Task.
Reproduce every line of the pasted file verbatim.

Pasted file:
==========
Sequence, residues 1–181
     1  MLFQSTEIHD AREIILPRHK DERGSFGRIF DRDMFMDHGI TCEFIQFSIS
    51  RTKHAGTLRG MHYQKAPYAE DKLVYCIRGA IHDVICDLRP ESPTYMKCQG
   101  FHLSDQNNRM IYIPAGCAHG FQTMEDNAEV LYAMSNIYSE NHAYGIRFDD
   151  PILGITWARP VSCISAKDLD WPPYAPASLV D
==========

Sequence, residues 1–181
     1  MLFQSTEIHD AREIILPRHK DERGSFGRIF DRDMFMDHGI TCEFIQFSIS
    51  RTKHAGTLRG MHYQKAPYAE DKLVYCIRGA IHDVICDLRP ESPTYMKCQG
   101  FHLSDQNNRM IYIPAGCAHG FQTMEDNAEV LYAMSNIYSE NHAYGIRFDD
   151  PILGITWARP VSCISAKDLD WPPYAPASLV D